Genealogy has long been one of humanity's greatest obsessions. But with the rise of genetics, and increasing media attention to it through programs like Who Do You Think You Are? and Faces of America, we are now told that genetic markers can definitively tell us who we are and where we came from. The problem, writes Eviatar Zerubavel, is that biology does not provide us with the full picture. After all, he asks, why do we consider Barack Obama black even though his mother was white? Why did the Nazis believe that unions of Germans and Jews would produce Jews rather than Germans? In this provocative book, he offers a fresh understanding of relatedness, showing that its social logic sometimes overrides the biological reality it supposedly reflects. In fact, rather than just biological facts, social traditions of remembering and classifying shape the way we trace our ancestors, identify our relatives, and delineate families, ethnic groups, nations, and species. Furthermore, genealogies are more than mere records of history.
Drawing on a wide range of evidence, Zerubavel introduces such concepts as braiding, clipping, pasting, lumping, splitting, stretching, and pruning to shed light on how we manipulate genealogies to accommodate personal and collective agendas of inclusion and exclusion. Rather than simply find out who our ancestors were and identify our relatives, we actually construct the genealogical narratives that make them our ancestors and relatives. An eye-opening re-examination of our very notion of relatedness, Ancestors and Relatives offers a new way of understanding family, ethnicity, nationhood, race, and humanity. "An erudite treatise about how culture drives human cognition about near and remote relatives, Ancestors and Relatives offers lay and academic audiences alike a great read."-Science "The author examines how genealogical structures have been used to organize not only kinship, but also other domains ranging from Supreme Court justices to religions. Genealogy is 'first and foremost a way of thinking' and not simply a way to represent biological ancestor-descendant relations."
-CHOICE "In Ancestors and Relatives: Genealogy, Identity, and Community, Eviatar Zerubavel, a sociologist at Rutgers, pulls back the curtain on the genealogical obsession. Genealogies, he argues, aren't the straightforward, objective accounts of our ancestries we often presume them to be. Instead, they're heavily curated social constructions, and are as much about our values as they are about the facts of who gave birth to whom."-The Boston Globe "Making the world seem strange is the first step to understanding it anew. Eviatar Zerubavel is a genius at doing this. Here he takes on kinship and shows us the profound, politically fraught, sometimes frightening, and often funny ways in which we take the biological fact that life creates life and fashion genealogy from it. This is a brilliant, witty, effortlessly well-informed book that anyone with ancestors or anyone who worries about ethnicity, race, and nationalism will read with pleasure and surprise."-Thomas Laqueur, University of California, Berkeley "While ancestors and relatives are genetically given, the genetics give us no clue how we should measure their relative importance to us.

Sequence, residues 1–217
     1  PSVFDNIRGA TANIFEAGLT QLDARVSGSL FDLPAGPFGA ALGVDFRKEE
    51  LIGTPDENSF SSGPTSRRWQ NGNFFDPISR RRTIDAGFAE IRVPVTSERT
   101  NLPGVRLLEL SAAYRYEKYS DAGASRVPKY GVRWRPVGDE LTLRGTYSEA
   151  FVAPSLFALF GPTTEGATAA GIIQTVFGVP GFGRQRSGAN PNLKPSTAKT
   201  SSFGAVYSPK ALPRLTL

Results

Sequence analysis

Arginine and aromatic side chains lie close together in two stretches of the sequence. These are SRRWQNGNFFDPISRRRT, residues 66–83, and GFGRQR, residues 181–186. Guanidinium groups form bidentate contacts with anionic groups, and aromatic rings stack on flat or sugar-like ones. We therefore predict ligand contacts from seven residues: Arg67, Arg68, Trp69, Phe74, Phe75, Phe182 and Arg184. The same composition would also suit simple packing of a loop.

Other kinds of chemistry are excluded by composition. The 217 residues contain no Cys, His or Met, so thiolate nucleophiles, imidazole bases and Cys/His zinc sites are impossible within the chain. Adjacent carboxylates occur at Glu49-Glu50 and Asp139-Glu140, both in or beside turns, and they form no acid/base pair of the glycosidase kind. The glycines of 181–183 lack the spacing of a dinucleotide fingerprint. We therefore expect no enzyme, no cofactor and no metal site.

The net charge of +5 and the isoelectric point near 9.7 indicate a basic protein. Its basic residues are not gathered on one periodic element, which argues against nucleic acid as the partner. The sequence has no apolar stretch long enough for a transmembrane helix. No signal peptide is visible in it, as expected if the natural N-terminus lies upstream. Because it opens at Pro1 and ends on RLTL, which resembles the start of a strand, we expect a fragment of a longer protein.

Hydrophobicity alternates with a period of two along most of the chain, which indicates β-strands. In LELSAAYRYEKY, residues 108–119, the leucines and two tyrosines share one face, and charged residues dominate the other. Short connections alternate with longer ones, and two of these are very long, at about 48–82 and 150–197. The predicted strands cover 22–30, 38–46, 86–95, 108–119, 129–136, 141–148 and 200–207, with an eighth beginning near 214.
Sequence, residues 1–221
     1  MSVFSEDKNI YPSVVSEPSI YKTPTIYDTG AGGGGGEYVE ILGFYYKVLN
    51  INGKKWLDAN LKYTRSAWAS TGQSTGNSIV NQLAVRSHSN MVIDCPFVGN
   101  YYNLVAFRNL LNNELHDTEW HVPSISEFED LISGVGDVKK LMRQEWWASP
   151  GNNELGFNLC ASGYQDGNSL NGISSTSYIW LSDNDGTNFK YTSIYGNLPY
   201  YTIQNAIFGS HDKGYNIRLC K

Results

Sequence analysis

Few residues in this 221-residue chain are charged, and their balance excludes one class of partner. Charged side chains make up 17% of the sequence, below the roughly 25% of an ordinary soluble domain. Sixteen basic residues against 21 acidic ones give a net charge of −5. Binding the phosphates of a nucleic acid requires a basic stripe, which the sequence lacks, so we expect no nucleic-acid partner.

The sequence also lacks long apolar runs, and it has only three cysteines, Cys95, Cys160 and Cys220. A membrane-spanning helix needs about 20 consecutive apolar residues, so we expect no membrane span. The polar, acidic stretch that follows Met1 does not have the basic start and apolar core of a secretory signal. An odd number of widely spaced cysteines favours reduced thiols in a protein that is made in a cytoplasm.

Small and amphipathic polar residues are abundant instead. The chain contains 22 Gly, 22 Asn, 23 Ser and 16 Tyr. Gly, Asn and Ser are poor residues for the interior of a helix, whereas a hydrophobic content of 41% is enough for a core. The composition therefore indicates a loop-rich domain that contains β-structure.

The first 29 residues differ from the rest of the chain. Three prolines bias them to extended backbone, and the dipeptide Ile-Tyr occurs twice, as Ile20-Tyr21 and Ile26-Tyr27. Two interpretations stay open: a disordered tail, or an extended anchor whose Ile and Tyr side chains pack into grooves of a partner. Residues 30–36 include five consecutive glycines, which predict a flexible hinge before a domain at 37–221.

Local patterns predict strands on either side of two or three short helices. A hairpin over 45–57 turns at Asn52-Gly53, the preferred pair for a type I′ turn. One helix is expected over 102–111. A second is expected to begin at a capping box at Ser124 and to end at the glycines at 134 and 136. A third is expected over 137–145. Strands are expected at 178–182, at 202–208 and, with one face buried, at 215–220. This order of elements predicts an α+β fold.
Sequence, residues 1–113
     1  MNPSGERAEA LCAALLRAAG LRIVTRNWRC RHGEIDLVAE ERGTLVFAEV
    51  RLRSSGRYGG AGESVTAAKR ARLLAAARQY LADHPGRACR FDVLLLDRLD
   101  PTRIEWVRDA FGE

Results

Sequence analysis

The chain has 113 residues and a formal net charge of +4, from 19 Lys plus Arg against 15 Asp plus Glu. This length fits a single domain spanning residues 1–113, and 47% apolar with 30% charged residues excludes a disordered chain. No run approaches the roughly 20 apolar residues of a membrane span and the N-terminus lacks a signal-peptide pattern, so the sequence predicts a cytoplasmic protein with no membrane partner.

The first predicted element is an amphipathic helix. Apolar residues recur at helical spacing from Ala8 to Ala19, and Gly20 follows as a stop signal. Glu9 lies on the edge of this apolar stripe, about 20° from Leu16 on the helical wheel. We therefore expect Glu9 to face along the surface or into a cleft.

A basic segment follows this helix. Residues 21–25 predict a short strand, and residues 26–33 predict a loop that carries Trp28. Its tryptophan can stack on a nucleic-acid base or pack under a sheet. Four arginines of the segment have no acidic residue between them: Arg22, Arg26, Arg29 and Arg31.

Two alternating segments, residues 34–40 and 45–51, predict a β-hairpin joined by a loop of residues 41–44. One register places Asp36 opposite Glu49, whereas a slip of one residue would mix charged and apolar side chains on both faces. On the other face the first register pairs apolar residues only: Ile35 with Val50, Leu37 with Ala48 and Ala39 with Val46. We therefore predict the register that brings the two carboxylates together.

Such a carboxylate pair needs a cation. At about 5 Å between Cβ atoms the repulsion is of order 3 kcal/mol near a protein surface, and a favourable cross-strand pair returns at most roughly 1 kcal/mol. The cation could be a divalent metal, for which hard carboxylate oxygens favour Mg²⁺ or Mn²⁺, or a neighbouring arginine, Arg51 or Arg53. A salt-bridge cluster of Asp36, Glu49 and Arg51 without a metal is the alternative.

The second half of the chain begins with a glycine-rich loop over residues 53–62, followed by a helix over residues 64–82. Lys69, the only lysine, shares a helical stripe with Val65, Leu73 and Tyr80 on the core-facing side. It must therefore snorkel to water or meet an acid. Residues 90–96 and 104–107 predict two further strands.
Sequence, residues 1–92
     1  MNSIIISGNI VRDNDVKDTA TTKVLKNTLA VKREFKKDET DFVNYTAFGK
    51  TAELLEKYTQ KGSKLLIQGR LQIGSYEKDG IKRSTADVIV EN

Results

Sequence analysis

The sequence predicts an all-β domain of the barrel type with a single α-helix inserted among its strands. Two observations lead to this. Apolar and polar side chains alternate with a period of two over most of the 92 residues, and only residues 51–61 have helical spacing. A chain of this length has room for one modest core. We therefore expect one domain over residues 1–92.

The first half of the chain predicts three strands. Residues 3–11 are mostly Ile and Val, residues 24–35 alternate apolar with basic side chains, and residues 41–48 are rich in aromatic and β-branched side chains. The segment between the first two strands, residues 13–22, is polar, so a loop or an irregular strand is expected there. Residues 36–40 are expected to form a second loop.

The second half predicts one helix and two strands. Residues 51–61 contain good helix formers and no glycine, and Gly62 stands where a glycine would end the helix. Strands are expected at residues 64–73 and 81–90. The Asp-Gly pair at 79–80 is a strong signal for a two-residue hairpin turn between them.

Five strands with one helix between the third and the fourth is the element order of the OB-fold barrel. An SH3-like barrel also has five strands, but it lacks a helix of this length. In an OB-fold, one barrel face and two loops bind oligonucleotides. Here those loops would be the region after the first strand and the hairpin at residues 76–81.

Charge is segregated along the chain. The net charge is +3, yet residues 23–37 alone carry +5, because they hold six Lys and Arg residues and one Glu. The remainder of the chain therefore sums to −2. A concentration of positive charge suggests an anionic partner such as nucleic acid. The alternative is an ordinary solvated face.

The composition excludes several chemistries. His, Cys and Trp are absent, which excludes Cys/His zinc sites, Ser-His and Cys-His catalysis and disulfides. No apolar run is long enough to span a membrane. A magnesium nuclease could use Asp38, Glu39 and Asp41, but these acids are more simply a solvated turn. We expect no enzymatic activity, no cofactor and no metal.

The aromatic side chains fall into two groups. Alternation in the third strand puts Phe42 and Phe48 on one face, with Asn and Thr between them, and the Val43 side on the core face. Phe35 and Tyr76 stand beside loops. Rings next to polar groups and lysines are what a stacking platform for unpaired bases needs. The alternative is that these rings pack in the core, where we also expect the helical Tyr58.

In this lively and well-written book, Eviatar Zerubavel avoids the aridity of technical kinship analysis and uses a personal perspective to show how humans fabricate, in the literal sense, their relatives, by a creative process of elimination and selection in the generation of rules. It is easily the most engaging introduction to kinship for the general reader that I have read, and a contribution in its own right to a wider understanding of our place in evolution."-Robin Fox, author of Kinship and Marriage and The Tribal Imagination "Kinship is a perennial staple-necessary but ordinarily dry as dust-of anthropology, sociology, and demography. In Ancestors and Relatives, Eviatar Zerubavel makes the topic new, bringing to it an encyclopedic knowledge and a powerful sociological imagination that brings to life the deeply social and cultural ways in which we talk about, imagine, and understand our ancestors and relations. Never has kinship been more interesting and never has it been as much fun."-Paul DiMaggio, Princeton University